Perhaps the biggest debunk of Apple's entire event was that the iPhone 5c was going to be a "low-cost device." Given that carrier subsidies can and will vary across the globe, let's look at raw pricing. The base 16GB iPhone 5c will sell for $549 sans contract in the US; a day ago, the base 16GB iPhone 5 was listed for $649. In other words, the iPhone 5c -- which is likely monumentally less expensive to assemble and uses dramatically less costly materials -- is priced just 16.6 percent less than the phone it replaces. One could argue that Apple is potentially saving even more than said difference by relying on plastic for the exterior. The bottom line? The iPhone 5c is a high-margin device, just like every other phone that Apple has ever built.
In my estimation, this is Apple's attempt to make the iPhone lively again. After six years, a certain amount of fatigue has set in. The "throw colors at it" approach has worked beautifully for Apple in the past. The company's sauced up a variety of previous iPod products with new hues, and remember: this is the company that once offered socks in a variety of colors. The iPhone 5c isn't for feature phone users in emerging markets. It's also not for the spec hounds who will be buying an iPhone 5s regardless. By and large, it's a marketing tool to get the masses to pay attention to the iPhone name. Mark my words -- the first prime-time iPhone ads you'll see following today's event will not highlight the iPhone 5s; Apple's already planning to sell one of those to almost every iPhone 5 owner. What you'll see instead are buckets of paint, upbeat music and a revitalized theme surrounding the word iPhone.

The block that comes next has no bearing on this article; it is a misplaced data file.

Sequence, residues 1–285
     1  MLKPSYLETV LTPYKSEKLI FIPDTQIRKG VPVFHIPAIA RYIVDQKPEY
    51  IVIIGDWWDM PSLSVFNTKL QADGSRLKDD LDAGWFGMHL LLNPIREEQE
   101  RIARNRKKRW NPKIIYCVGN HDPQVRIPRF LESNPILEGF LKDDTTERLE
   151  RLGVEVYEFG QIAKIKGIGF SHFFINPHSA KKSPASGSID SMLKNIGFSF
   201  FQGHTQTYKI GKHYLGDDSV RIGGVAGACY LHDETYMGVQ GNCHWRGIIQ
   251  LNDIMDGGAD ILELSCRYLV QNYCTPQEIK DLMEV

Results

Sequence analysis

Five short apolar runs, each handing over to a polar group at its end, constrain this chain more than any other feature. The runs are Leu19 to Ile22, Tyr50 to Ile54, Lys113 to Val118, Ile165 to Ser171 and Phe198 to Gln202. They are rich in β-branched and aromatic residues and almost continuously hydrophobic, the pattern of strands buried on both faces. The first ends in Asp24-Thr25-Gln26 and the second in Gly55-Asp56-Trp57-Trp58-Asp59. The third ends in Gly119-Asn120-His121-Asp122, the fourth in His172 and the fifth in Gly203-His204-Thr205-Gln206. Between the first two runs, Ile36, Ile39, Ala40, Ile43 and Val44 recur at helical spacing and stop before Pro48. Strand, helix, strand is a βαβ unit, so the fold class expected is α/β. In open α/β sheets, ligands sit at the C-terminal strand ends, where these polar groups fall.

The iPhone 5c, simply put, is for those who've grown numb to Apple's largely evolutionary takes on its primary iPhone range. It'll attract a younger audience that cares less about finely beveled edges and more about playing Connect 4 on their iPhone case. It'll cater to the same crowd that has looked longingly towards the $599 (again, off-contract) Moto X -- a phone for the mainstream, and a phone that's as colorful as one's soul. In a way, this is the anti-Moto X. From a price, spec and feature perspective, it's a match that's too close to call. The iPhone 5c's camera has an edge on the Moto X, but the X's Active Display is a boon for notifications. As these things tend to go, a lot of it boils down to ecosystem preference. The iPhone 5c is being built for the same audience as the flashy iPod nano, and moreover, Apple built it for those on Wall Street who feel that it simply must attract new markets to stay atop its game.
Apple never showed intentions of racing the Nexus 7 to the bottom in the tablet game, and the iPhone 5c is proof that it won't do that in the phone arena, either.
Infographic by Troy Dunham for Engadget